But last month, we decided to try again. We went to a different clinic this time. We asked the doctor to do x-rays and a blood test to determine if anything obvious could be found. The doctor's exam showed everything normal other than a observation that his kidneys were small. The x-rays showed no obvious problem. THE CBC however is what I am writing about today.

CBC: FCV IFA Negative Heartworm Negative

everything was normal except these items: Bloodcount Normal Range WBC 11.6 3.5-16 RBC 5.2 5.92-9.93 HGB 7.3 9.3-15.9 PCV 23 29-48

Magnesium 2.7 1.5-2.5 Albumin 2.0 2.5-3.9 CACIUM 11.2 8.2-10.8


The Vet we talked to was not too concerned except for the ELEVATED Calcium levels. She stated that high calcium was associated with Cancer. perhaps Lymphosarcoma. We would like a 2nd opinion. To do a endoscope costs $1200.

Our cat is in generally good health. His spirits are high, he likes to play with his sisters and is still affectionate. We are monitoring when and why he would throw up But we don't have enough data to report at this time. In the last 3 weeks he has thrown up 4 times. all 4 times due to either grass or corn in the wet food. (at least that is our hypothesis) When we keep him away from grass and corn, he does vomit less..

Please answer this question and advise your thoughts from an educated vet. Our Vets in Texas have been less than reliable.


Before we spend $1200 we want your opinion and more information. At this time we are inclined to monitor his vomitiing and to do a new blood count in about 2 months to see if the calcium and blood count levels go up or down.

Any info you can provide, would be of a great help.

Sincerely, Douglas

Answer: Doug-

This is an interesting case history.

Vomiting and diarrhea that start at a very young age can be perplexing. Even though we always hope for a fairly easy to treat cause, like worms or giardia there are lot of kittens who do not respond to treatment for these organisms. This was still a good way to start the search for an answer, though.

Food allergies are a problem in some cats with vomiting and/or diarrhea. As you have discovered, allergies are usually to a specific ingredient, or a few limited ingredients, rather than a whole food. The only test for food allergies that I have much faith in is feeding a limited antigen diet, using a protein source the kitten has never been exposed to before, and seeing what happens. This is why there are exotic diets on the market featuring things like duck, ostrich and venison for cats. It is hard to find a meat source that doesn't show up in some commercial cat food. This diet needs to be fed for at least six weeks to judge its effect. If the problem resolves during this time, then a food allergy is likely. To confirm the allergy, or allergies, specific foods may be added back into the diet to assess the response to them. If you add corn back and the problem returns, then corn is a good suspect. Most people actually skip this step and just stick with the limited antigen diet that works well, but it is a way of confirming the problem. Blood tests for food allergies are pretty much a waste of time and money, as you have discovered.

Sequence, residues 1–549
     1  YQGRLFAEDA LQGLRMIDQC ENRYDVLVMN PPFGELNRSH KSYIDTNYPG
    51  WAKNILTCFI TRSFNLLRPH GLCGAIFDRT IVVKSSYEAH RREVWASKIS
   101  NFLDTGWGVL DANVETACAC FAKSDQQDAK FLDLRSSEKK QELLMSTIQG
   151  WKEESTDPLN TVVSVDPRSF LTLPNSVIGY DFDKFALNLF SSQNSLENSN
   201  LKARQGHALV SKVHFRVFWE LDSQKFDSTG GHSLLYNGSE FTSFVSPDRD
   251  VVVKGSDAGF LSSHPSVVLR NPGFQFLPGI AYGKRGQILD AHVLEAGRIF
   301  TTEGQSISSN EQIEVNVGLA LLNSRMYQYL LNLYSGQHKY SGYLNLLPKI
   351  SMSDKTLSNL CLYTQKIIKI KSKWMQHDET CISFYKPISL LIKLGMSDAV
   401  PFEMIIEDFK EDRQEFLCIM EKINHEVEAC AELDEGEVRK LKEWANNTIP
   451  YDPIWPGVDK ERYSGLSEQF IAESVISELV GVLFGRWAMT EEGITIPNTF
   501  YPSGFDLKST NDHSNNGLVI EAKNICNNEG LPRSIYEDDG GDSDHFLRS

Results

I am not sure why your vet would suspect hyperthyroidism in a kitten, since that would be very unusual, but I have convinced myself that stranger possibilities than that existed, so I don't want to be too critical. In any case, it isn't surprising that your kitten has normal thyroid function at this age.

Calcium levels in cats can be a little frustrating to evaluate. Usually, when the albumin level is low, the calcium level will also be low, because calcium moves through the blood stream attached to albumin (bound), except for a small portion that is freely available (unbound). This free calcium can be checked using an ionized calcium test. This test is a good idea but it can be hard to arrange for. Blood shipped to a lab may not have the same ionized calcium level when it gets there that it had when it left the clinic. For this reason, ionized calcium testing is best done using an in-clinic instrument, like an iSTAT, that most veterinary clinics don't have. If there is an emergency clinic in your area they might have one, though. Getting a second calcium sample, preferably a fasting sample, would be a good idea if you can't have an ionized calcium sample checked. Rechecking the calcium level and protein levels (total protein and albumin) would also be a good idea. It is best to be sure the calcium level increase is a real finding.